However, this story is not without its moments. We get some fun comedic scenes and a few great character names (Mrs. Chickenstalker is as marvelous as any Dickensian name.) And after experiencing one hundred and one Christmas Carol adaptations, it is fascinating to hear a different Dickens Christmas story, even if it is second tier.

The Production:

While this story might suffer in comparison to Dickens’ Christmas masterpiece, this Average Romp adaptation is fantastic.

Toby Jones (well known from many blockbuster movies) does a perfect job as Toby Veck. Matt Deveraux delivers a guffaw-inducing performance as Alderman Cute. Victoria Alcock is great as Mrs. Chickenstalker. David Shaw-Parker (who some may recognize as the voice of Hiram Bosarge in Captain Bayley's Heir from The Extraordinary Adventures of G.A. Henty series) plays the gruff Mr Tugby. And David Horovitch provides the grandfatherly narration.

Howard Carter’s sound design is workmanlike, and his score is great and well-utilized. The script by Jonathan Morris does a good job condensing Dickens’ novella into a 97 minute audio drama. I suspect it also adds a number of story cues that help the listener follow the story more easily.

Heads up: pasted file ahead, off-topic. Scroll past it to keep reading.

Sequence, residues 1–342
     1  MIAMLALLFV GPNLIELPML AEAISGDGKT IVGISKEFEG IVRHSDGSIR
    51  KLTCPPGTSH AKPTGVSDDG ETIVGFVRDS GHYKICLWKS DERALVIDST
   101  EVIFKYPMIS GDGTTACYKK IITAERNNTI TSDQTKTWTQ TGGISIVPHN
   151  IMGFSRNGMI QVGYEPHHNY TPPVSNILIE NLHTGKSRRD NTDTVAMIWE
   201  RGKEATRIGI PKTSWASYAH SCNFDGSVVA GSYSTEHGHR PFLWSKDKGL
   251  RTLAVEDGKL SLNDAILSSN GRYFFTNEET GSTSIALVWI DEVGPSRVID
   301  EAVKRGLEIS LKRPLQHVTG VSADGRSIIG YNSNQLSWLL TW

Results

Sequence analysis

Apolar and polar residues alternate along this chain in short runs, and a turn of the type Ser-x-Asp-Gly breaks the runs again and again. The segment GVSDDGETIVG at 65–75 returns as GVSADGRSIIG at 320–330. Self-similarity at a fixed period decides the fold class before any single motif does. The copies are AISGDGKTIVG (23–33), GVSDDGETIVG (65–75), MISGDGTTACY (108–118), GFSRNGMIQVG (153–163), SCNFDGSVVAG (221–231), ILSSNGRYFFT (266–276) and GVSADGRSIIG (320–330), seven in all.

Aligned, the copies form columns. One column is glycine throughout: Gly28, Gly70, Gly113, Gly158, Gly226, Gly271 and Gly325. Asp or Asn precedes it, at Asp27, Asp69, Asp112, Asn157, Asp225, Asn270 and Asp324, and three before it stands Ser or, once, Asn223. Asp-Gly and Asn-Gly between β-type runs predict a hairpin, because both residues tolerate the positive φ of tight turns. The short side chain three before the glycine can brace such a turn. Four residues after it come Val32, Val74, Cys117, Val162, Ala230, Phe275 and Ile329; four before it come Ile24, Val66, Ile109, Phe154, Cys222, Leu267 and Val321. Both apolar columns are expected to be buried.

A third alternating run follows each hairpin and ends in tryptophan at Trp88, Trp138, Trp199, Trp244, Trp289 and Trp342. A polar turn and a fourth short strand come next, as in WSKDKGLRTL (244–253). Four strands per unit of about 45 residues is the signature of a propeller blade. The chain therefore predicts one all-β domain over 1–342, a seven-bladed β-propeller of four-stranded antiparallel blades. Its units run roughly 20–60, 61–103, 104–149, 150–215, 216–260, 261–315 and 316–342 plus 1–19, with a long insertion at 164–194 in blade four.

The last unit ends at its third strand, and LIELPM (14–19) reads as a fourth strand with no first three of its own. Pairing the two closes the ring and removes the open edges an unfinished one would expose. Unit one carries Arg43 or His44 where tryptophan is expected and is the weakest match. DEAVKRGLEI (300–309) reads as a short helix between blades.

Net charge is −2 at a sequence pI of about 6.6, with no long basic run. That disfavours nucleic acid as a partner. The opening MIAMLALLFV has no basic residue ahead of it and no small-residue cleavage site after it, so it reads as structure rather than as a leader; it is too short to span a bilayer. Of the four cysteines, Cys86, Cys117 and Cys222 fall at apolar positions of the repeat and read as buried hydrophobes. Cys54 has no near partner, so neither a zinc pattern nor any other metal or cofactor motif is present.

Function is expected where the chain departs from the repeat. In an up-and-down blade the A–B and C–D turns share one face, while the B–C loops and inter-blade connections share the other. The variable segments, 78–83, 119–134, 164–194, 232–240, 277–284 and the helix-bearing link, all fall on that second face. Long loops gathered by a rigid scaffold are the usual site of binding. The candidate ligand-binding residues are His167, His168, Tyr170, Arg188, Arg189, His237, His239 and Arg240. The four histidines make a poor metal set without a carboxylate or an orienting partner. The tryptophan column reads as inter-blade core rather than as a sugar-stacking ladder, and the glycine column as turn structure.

This is a sleek production with a fantastic cast. It really is great listening.

The Conclusion:

While I doubt this production will revitalize The Chimes as a holiday classic, Average Romp has served up an interesting slice of Christmas history. If you are a Dickens buff or a Christmas aficionado, this is great listening.

You may want to exercise caution in allowing younger ears to listen in however, as this story is on Dickens’ darker side. It involves suicide, implied prostitution, drunkenness, and brief domestic abuse.

For more information about this production, see this press release from Big Finish. And to purchase the downloadable MP3 from Big Finish, click here. You can also purchase directly from Average Romp here.

And to keep your family well supplied with audio drama this Advent, check out ATC’s “Ultimate List of Family Friendly Christmas Audio Drama.”

Merry Christmas and Happy Listening!

Joah Pearson
is an audio drama junky residing in the Goober State. He and his nine younger siblings have grown up on OG Jonathan Park and FOTF Radio Theatre - with a smattering of AIO and a good dose of Lamplighter Theatre. If he's not listening to audio drama, he's probably starting a new book instead of finishing the 19 others he already started.

Some of the links in this post may be affiliate links. This means if you click on the link and purchase the item, ATC will receive an affiliate commission at no extra cost to you. Thank you for your support!